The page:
Early 19th Century sculptors

James H. Bubb (1782-1853)

Painting, Sculpture and Architecture, by Bubb.

The sculptor James Bubb, now obscure, was a prolific sculptor in the early 19th Century, known mostly for his early and large monument to Pitt the Younger in the London Guildhall. He made a number of architectural statues to decorate the frontages of large buildings, of which some survive, most notably in the Nash Terraces bordering Regent's Park.

The sculptor James Bubb trained at the Royal Academy Schools from 1801, exhibiting there from 1805-1831. He achieved note in 1806 with his large monument of Pitt the Younger for the Guildhall, London. By 1809 he was producing architectural sculpture, He worked at one time for Mrs Coade, the most successful manufacturer of artificial stone, and from about 1818 he was working with J. C. F. Rossi, who had also worked for Coade, on terra cotta works. Later his fortunes declined, and he worked for a certain Joseph Browne, who took over his business. In the 1830s he returned to working in marble, but his health had worsened, and he died poor.

His largest work is undoubtedly the frieze in the pediment of Cumberland Terrace in Regentís Park, and by him also are probably the standing figures on several of the terraces there.

Some of the figures presumed to be by Bubb.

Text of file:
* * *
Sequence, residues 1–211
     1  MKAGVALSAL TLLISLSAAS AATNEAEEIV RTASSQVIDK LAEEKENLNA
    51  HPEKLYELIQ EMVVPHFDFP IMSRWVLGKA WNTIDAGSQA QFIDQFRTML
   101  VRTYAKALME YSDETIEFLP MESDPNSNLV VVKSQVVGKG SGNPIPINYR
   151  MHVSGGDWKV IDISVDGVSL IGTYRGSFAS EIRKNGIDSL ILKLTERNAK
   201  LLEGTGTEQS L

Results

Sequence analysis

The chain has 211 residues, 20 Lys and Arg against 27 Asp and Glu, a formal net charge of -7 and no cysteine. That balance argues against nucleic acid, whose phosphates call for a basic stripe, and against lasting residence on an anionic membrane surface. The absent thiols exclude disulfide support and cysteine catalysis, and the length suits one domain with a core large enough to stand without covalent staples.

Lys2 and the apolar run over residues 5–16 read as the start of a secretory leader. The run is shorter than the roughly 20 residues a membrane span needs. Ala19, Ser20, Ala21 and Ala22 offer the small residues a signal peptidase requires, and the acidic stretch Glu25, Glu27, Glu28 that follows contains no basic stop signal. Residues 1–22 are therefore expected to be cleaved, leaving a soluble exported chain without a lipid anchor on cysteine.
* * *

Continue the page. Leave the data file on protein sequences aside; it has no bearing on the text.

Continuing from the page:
His Pitt the Younger in the Guildhall, where he notoriously won the commission due to the cheapness rather than the excellence of his design, is his only significant monument. A pyramidal group of Pitt, flanked by two Greek youths, with Britannia on a seahorse below, and in the figures, hints of the long neck we associate with Bubb. Much more modest monuments known to be by Bubb include two in Battersea Parish Church, of which one has figure sculpture, and the monument to Thomas Burne (d.1812), which is in St Michael Cornhill Ė I missed seeing the signature on this work, but the long neck of one of the figures is again indicative of this sculptor.

Pitt the Younger, Guildhall.

Lost are his Customs House sculpture, and four Quarters of the Globe on the Royal Exchange building previous to the current one.

Outside London, in Bristol are three statues, rather like the Regentís Park ones, on the top of the Commercial Rooms in Corn Street, now a pub. Apparently there was a bas relief by him too. And in Manchester, Heaton Park, are two large statues by Bubb on a colonnade, originally for Manchester Town Hall, and moved here when that building was replaced: they represent Alfred the Great and Solon. The much decayed heraldic lion and unicorn in Hastings are also ascribed to him.